Financial worth of Myspace proves costly for Google
The decline of MySpace has been underlined by a new advertising deal with Google, showing its slide in terms of website promotion and sales.
New MySpace and Google advertising deal underlines website decline
Monday, December 20 2010 by John Burns
The decline of MySpace has been underlined in a recent advertising deal with Google, which changes what was once a landmark 2007 advertising deal into one with new terms that reflect how the social networking site’s fortunes have fallen.
In the website promotion deal, Google had guaranteed to pay MySpace a minimum of $900 million (£590 million) over a three-year period in return for powering a search service and placing search ads in front of its users.
However, the last three years have seen website promotion tactics failing for MySpace as Facebook became the resource of choice for those looking for their own space. As a result, advertising revenues have fallen and it is believed by the Financial Times that Google were unable to generate enough business to cover the annual payments as set out in the agreement.
This time, the internet companies revealed that new terms had been reached and that while the relationship to will be extended to include some of Google’s newer display advertising services, its financial worth is certainly lower and both companies refused to comment on the fiscal specifics.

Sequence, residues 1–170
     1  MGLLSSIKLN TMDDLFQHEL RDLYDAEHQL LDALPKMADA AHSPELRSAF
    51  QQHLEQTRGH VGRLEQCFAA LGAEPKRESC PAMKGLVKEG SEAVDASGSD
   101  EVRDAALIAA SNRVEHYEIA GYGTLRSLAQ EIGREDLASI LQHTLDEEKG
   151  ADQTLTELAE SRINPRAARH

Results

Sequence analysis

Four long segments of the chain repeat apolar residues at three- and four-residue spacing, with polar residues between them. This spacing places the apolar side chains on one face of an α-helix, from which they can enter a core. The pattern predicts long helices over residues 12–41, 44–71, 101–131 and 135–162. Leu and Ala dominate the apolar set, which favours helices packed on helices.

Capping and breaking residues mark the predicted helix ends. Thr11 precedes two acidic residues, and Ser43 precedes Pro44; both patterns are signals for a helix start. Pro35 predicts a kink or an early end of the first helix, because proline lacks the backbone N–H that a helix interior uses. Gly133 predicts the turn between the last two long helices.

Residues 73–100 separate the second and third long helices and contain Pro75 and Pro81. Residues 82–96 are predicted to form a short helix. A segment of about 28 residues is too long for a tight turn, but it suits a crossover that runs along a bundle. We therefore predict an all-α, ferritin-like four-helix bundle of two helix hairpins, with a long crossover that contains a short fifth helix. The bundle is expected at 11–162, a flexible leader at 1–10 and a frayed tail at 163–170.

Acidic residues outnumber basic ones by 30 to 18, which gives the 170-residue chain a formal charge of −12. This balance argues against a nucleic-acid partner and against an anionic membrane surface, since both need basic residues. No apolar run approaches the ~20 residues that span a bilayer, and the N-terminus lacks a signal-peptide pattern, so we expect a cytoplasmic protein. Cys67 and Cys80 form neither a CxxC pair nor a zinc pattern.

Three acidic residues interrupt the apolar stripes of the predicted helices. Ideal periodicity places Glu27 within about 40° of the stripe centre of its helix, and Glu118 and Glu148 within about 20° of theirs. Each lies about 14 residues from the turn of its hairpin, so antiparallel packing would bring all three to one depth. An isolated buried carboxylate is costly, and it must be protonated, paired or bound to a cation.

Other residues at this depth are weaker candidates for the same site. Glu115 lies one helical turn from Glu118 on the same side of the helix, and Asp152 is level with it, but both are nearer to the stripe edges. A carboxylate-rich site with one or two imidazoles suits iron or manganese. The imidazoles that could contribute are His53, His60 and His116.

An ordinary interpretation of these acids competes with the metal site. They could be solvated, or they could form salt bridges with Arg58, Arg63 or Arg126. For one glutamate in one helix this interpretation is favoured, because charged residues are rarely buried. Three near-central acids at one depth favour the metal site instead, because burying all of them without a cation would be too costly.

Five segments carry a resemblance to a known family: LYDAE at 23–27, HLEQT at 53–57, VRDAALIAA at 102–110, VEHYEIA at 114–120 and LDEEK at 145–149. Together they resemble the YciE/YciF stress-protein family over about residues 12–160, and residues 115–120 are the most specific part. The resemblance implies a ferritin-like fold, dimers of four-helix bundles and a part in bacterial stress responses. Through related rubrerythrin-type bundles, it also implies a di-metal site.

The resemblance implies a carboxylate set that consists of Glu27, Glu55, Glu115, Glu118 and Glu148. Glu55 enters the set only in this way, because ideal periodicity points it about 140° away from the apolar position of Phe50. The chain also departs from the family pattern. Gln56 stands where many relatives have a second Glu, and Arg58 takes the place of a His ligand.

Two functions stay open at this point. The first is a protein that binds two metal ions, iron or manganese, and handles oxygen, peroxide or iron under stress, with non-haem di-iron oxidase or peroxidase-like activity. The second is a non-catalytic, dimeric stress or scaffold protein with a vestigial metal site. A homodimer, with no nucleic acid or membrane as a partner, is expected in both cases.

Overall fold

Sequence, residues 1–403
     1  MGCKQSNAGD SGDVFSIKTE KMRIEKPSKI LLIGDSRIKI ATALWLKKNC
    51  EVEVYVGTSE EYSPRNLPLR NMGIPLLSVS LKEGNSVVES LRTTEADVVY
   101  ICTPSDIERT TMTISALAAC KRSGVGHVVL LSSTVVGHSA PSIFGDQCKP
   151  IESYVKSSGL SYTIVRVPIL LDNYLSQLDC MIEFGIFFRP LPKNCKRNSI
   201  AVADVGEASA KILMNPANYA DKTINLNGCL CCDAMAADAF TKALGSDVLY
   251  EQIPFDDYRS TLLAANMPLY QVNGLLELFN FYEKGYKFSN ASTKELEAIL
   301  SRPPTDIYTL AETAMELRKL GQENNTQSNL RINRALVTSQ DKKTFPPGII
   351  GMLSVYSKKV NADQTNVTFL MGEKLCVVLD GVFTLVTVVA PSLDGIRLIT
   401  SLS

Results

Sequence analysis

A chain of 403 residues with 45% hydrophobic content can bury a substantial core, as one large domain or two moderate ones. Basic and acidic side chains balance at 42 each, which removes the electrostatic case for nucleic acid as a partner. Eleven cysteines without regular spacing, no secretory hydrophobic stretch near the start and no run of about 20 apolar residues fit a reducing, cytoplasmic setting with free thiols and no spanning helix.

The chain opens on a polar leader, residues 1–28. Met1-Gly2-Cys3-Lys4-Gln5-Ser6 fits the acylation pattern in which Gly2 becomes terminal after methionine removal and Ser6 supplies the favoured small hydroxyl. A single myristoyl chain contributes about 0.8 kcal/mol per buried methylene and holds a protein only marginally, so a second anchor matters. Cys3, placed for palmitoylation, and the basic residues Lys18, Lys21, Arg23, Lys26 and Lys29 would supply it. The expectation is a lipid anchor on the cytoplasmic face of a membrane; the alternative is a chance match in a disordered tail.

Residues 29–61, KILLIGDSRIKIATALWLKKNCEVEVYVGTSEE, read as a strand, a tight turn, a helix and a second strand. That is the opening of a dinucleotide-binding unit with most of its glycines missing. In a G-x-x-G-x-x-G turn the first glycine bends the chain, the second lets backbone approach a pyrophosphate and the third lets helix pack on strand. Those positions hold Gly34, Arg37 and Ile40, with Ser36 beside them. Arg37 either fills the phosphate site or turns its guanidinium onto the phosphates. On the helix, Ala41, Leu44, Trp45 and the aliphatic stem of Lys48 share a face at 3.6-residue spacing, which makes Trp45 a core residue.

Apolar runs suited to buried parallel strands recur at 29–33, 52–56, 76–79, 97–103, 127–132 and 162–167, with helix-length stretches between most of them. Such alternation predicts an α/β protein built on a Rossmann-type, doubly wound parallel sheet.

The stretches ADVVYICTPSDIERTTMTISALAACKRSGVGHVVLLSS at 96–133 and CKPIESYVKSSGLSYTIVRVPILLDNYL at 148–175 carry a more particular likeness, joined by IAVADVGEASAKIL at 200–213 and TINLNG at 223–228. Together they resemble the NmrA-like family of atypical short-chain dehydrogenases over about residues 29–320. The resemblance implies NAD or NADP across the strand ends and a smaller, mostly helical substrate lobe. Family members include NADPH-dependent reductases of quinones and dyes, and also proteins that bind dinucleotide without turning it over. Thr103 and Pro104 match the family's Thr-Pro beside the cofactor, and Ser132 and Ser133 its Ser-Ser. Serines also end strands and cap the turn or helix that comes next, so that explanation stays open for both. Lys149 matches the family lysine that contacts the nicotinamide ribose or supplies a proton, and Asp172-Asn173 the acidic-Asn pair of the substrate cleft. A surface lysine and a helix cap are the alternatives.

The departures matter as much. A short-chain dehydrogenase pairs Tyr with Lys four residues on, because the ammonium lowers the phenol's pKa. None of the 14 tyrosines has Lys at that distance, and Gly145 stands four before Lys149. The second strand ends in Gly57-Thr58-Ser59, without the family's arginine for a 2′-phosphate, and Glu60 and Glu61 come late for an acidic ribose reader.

However, the Financial Times claimed that an insider had said that Google is no longer paying any guaranteed minimums and any revenues made through advertising will be split between both parties in the website promotion deal.
eMarketer has already claimed that MySpace will make $347 million (£223 million) this year, a marked drop from $470 million (£302 million) in 2009. Rupert Murdoch had predicted MySpace to have takings of $1 billion (£643 million) a year.
Facebook may be improving its own website promotion in China this month. Founder Mark Zuckerberg, who is on holiday in China where his global social networking site is blocked, met with the head of the country’s biggest search engine today, aiming to strike a deal with the Baidu brand.
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